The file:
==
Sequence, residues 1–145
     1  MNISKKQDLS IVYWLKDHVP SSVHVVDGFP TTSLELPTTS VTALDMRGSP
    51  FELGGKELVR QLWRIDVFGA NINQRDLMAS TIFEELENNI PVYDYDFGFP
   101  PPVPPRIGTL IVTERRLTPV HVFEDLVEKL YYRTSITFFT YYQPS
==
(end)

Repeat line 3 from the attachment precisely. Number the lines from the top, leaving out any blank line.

    51  FELGGKELVR QLWRIDVFGA NINQRDLMAS TIFEELENNI PVYDYDFGFP